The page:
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Wu v. Zinke

United States District Court, D. New Mexico

March 12, 2019

LIMING WU, Plaintiff,
v.
RYAN ZINKE, Secretary of the United States Department of the Interior, et al., Defendants.

          MEMORANDUM OPINION AND ORDER

          ROBERT C. BRACK, SENIOR U.S. DISTRICT JUDGE.

         This matter is before the Court on Plaintiff's Motion for Reconsideration of Order Consolidating Cases and for Judicial Recusal of the Honorable Brack from Presiding as Judge in this Actions [sic], filed on October 12, 2018. (Doc. 73.) Having considered the parties' arguments and the relevant law, the Court will deny the motion.

         I. Motion to Reconsider

         On September 13, 2018, the Court entered a Memorandum Opinion and Order (the “Order”) consolidating the three cases Ms. Liming Wu (Plaintiff) has filed in this Court.[1] (See Doc. 67.) Plaintiff now moves the Court to reconsider its decision to consolidate her cases pursuant to Federal Rule of Civil Procedure 54(b). (See Doc. 73.) Plaintiff argues that reconsideration is appropriate because the Court mischaracterized her claims in its Order and because there has been an intervening change in the controlling law.

         A. Legal Standard

         Federal Rule of Civil Procedure 54(b) provides that:

any order or other decision, however designated, that adjudicates fewer than all the claims or the rights and liabilities of fewer than all the parties does not end the action as to any of the claims or parties and may be revised at any time before the entry of a judgment adjudicating all the claims and all the parties' rights and liabilities.

         Fed. R. Civ. P. 54(b). The Court reviews a motion under Rule 54(b) using the same standards it uses to review a motion to alter or amend a judgment pursuant to Rule 59(e). See Casanova v. Ulibarri, No. CIV 08-288 JAP/CG, 2016 WL 8136014, at *1 (D.N.M. Mar. 2, 2016). “Under either rule, a court may grant a motion for reconsideration in three circumstances: when there is ‘an intervening change in the controlling law, the availability of new evidence, or the need to correct clear error or prevent manifest injustice.'” Id. (quoting Brumark Corp. v. Samson Res. Corp., 57 F.3d 941, 948 (10th Cir. 1995)).

         B. Plaintiff has identified no circumstance sufficient for the Court to reconsider its Order.

         Plaintiff's motion to reconsider is largely based on her concerns that the Court's consolidation of the three actions has somehow changed or deleted some of her claims or the defendants. (See Doc. 73 at 10 (arguing that the Order “concealed Defendant Aden Seidlitz from the case[ and] eliminated questions of law”).) Plaintiff also believes that the Order “generalize[d the] independent nature of Plaintiff's underlying claims and their separate and distinct identities.” (Id.) Misquoting language from the Order, she argues that the Court mischaracterized her claims by focusing on the state claims and omitting her claims arising under federal law. (Id. at 8 (quoting Doc. 67 at 1).) Her quote reads, “Plaintiff filed this case on February 18, 2014, pursuant to the New Mexico Human Rights Act.” (Doc. 73 at 8.) Yet, the Court's Order actually reads: “Plaintiff filed this case on February 18, 2014, asserting claims of discrimination based on race/national origin and age, unlawful employment practices pursuant to the New Mexico Human Rights Act, negligence, and retaliation . . . .” (Doc. 67 at 1 (emphasis added).) The Court did not omit her federal claims, it simply recited the basic claims without citing the applicable statutes the claims arise under. (See id.) Even if the Court had neglected to specifically mention one of her claims, the Order consolidating the actions does not change the nature of the actions themselves.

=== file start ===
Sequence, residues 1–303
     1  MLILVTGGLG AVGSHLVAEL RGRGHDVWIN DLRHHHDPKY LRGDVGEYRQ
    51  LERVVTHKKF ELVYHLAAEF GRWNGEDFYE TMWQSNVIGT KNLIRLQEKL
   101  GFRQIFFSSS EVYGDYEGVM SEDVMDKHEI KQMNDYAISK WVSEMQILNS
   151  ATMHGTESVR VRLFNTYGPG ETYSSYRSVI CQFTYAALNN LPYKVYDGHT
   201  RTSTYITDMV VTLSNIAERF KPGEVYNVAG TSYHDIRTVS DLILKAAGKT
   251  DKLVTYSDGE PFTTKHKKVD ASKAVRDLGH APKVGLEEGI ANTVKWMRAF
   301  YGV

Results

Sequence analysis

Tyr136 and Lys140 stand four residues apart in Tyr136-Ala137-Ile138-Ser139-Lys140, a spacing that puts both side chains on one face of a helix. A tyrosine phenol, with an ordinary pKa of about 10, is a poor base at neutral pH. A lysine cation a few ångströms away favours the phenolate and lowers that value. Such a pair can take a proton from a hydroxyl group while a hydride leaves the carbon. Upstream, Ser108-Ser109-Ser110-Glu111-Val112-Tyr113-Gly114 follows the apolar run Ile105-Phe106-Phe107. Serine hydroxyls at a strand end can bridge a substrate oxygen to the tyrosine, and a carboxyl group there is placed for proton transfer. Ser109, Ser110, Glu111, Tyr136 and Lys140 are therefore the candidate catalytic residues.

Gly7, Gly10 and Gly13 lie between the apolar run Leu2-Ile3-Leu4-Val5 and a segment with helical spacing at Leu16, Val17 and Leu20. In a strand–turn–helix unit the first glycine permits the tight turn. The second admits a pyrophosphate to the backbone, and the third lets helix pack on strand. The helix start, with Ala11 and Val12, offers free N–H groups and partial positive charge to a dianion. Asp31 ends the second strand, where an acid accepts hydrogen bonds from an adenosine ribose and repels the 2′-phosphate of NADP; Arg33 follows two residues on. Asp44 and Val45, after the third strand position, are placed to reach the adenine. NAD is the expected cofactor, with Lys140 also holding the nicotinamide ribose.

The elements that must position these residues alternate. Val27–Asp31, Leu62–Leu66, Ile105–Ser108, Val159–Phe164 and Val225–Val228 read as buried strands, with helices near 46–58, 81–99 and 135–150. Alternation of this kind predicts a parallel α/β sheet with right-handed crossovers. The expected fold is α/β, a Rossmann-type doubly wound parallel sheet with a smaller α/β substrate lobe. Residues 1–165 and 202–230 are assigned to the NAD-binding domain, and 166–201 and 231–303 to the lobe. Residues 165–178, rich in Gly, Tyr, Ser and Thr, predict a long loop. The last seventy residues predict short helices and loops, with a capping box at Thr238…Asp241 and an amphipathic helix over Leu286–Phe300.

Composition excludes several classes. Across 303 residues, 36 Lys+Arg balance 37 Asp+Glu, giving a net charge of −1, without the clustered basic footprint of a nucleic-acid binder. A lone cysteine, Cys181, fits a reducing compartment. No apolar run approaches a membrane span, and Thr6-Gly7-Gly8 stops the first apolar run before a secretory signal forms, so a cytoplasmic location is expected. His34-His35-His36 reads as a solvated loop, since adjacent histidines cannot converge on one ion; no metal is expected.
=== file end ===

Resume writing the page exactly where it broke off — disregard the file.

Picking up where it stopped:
Consolidation does not delete claims or defendants. It simply gathers all of the claims into one action before one judge in order to conserve resources. After cases have been consolidated, “the actions do not lose their separate identity; the parties to one action do not become parties to the other.” Chaara v. Intel Corp., 410 F.Supp.2d 1080, 1090 (D.N.M. 2005) (quoting McKenzie v. United States, 678 F.2d 571, 574 (5th Cir. 1982)) (internal citations omitted). “Instead, consolidation is an artificial link forged by a court for the administrative convenience of the parties; it fails to erase the fact that, underneath consolidation's façade, lie [three] individual cases.” Id. at 1094 (citations omitted).

         Plaintiff argues that the Supreme Court's decision in Hall v. Hall, 138 S.Ct. 1118, 200 L.Ed.2d 399 (2018), lends support to her position. (See Doc. 73 at 9-10.) In Hall, the Supreme Court found that where cases are consolidated under Federal Rule of Civil Procedure 42(a), and one (but not all) of the constituent cases receives a final decision, that decision is immediately appealable. 138 S.Ct. at 1131. Hall is inapplicable to Plaintiff's motion, because she is not seeking to appeal any of her three cases.

         In sum, Plaintiff has not provided a reason for the Court to reconsider its Order. As the Court found previously, Plaintiff's three cases present common questions of law and fact, and consolidation is appropriate. The Court will deny Plaintiff's motion to reconsider.

         II. ...


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